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Family researchers seeking your help

November 15, 1998

Times Leader Genealogy Writer

Much more geneology information and advice.

Several readers from other states are researching family in our area. Can anybody around here help them?

  • New York resident Mary Ellen Coon is the granddaughter of Edward J. BOLEN, who was born in Plymouth in 1895. His parents were James A. BOLEN and Ruth MORGAN. Coon says she has been able to trace back the Bolen side quite well, but she needs information on the Morgan side.

    Great-grandmother Ruth Morgan was born in Pittston Feb. 24, 1864 to Welsh immigrants Lemuel MORGAN b. 1836, d. 1891 and Elizabeth Hughes REIMILLER b. 1838, d. 1926.

    The key pieces of information Coon is seeking are the day and month and county of Elizabeth's death in 1926 (Luzerne County or Carbon County) so that she can obtain a death certificate from the state.

    Children born to the couple were Coon's grandfather Edward as well as Naomi, Thomas, James and Janet. The family lived for a while in Scranton and then in Plymouth. Lemuel, who was a miner, and Elizabeth are buried in Shawnee Cemetery, Plymouth.

    From her first marriage, to a Mr. Reimiller, Elizabeth brought children Mary and George to her marriage with Lemuel. George died in 1913. His obituary lists sister Mary Finkler of Weatherly, half-sister Ruth (Mrs. James Bolen) of Plymouth, who is Coon's great-grandmother, half-sister Naomi (Mrs. Morgan Stevens) of Plymouth and mother Elizabeth Morgan of Weatherly.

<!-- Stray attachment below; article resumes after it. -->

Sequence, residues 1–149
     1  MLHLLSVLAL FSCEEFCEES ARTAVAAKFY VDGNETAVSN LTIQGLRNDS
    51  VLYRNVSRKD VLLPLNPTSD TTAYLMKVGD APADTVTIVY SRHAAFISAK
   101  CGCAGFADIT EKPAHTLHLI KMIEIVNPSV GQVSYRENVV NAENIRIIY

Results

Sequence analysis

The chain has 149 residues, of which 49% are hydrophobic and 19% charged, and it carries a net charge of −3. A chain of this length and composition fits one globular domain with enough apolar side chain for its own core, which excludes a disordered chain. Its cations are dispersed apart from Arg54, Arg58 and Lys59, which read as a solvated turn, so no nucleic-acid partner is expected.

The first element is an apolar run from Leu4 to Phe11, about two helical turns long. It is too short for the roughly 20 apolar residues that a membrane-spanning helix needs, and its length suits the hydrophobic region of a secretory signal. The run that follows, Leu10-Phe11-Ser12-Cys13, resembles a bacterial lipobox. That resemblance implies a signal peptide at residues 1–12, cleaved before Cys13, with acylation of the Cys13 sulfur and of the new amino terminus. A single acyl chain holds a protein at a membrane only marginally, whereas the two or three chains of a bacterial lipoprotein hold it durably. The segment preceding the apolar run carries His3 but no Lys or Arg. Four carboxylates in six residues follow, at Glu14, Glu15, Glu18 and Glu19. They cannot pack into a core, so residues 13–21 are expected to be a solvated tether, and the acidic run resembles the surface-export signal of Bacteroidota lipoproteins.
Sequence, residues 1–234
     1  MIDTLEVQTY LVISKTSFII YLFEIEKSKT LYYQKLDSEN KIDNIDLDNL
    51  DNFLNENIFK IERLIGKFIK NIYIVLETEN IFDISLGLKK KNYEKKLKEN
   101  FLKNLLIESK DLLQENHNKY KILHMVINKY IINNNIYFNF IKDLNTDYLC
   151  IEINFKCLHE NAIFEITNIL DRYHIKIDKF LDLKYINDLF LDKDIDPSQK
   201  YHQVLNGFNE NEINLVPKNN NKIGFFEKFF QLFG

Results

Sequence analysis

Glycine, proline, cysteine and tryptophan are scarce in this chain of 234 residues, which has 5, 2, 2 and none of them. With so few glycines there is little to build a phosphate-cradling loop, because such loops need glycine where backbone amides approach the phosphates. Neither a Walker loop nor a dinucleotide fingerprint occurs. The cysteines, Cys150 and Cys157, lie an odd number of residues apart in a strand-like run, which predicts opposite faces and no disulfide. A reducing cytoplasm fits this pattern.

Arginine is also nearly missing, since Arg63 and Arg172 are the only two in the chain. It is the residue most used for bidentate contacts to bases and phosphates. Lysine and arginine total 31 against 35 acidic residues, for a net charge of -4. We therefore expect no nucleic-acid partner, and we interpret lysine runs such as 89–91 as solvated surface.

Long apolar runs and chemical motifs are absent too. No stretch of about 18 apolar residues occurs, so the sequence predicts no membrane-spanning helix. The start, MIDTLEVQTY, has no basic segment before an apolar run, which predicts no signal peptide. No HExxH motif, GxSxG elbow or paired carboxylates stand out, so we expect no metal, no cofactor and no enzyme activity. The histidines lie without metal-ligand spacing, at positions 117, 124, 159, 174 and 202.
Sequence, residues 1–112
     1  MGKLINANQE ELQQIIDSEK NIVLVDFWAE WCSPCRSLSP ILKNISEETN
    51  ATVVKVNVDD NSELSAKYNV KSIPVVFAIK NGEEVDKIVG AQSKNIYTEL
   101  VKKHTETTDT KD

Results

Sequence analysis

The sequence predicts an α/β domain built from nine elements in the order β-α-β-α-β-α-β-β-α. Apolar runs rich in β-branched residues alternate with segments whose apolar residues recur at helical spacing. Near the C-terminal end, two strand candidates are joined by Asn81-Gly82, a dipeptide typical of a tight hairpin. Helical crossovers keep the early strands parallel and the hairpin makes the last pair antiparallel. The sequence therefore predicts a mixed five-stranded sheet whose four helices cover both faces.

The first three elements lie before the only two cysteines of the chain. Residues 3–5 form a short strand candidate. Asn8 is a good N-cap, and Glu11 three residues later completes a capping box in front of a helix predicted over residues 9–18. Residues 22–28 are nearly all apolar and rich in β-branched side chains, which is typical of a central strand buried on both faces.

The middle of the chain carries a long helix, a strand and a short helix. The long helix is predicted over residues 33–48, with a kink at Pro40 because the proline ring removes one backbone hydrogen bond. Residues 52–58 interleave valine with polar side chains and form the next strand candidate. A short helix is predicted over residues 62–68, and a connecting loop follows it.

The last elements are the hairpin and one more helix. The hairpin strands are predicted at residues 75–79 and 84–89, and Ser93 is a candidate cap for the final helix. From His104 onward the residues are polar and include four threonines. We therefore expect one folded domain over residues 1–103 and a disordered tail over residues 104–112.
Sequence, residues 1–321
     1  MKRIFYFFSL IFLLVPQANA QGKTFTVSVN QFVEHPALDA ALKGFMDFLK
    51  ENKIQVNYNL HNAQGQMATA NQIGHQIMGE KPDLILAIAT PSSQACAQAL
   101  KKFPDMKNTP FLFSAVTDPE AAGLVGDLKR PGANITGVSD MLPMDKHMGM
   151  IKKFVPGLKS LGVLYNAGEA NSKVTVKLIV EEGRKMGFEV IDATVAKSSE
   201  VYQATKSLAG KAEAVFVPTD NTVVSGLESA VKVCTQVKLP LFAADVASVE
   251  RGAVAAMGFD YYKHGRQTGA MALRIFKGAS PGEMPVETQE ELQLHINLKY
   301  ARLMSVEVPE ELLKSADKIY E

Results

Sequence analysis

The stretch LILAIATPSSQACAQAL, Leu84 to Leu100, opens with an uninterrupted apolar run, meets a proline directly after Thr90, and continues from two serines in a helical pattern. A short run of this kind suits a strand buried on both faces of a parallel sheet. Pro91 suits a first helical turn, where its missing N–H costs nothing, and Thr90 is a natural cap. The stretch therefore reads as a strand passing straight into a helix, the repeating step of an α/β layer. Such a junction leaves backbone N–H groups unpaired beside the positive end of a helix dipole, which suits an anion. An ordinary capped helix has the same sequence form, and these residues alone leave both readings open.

Coon says that inquiries to Shawnee Cemetery have proved fruitless.

    Contact Mary Ellen Coon at 2586 Falls Road, Marcellus, N.Y. 13108-9722. (315) 673-2219.

  • Indiana resident Martha F. Mead is researching some Hazleton-area ancestors. She is looking for information on Michael BEISHLEIN (1764-1852), d. Butler Township; m. Magdalena FEHR/FAIR, d. 1798. Were these people brother and sister to Jacob FEHR/FAIR (1743-1813) and first wife Elizabeth BEISHLEIN of Lower Saucon Township, Northampton County, Pa.? Who were their parents? Elizabeth's family moved to summit Hill, Hazleton area, Luzerne County.

    Contact Martha F. Mead at 5884 Carvel Ave., Indianapolis, Ind. 46220-2651.

  • Carrie Butler of New York is researching ancestors from Ireland and Wales who emigrated to Wilkes-Barre in the 19th century.

    She needs birthplace and parents for Thomas and Ann BUTLER. He was b. 1835-6 at Waterford Parish, Ireland; d. after 1920, probably in Wilkes-Barre. She was b. 1837-40 at Waterford Parish; d. 1905 Wilkes-Barre. They lived in Aberdare, Wales, then came to America in 1884-5 and had a grocery store in Wilkes-Barre. Their children were James, Edward, Henry m. Ellen Merrick, Thomas m. Martha, George, John, Francis and William who m. Louise and was a high school teacher in Wilkes-Barre.

    She also needs birthplace and parents for Harriet REES b. 1860 in Wales, d. 1924 Wilkes-Barre, m. 1880 in Tredegar, Wales, Benjamin BEMKINS/BAMKIN. She is also trying to develop Welsh and English ancestry of the Bemkins/Bamkin family of Tredegar and Angle, Wales. Are they descended from the Bamkins of Leicester, England? She welcomes any information on the Bamkin surname.

    Contact Carrie Butler at 847 Forest Ave., Fulton, N.Y. 13069. (315) 592-5130.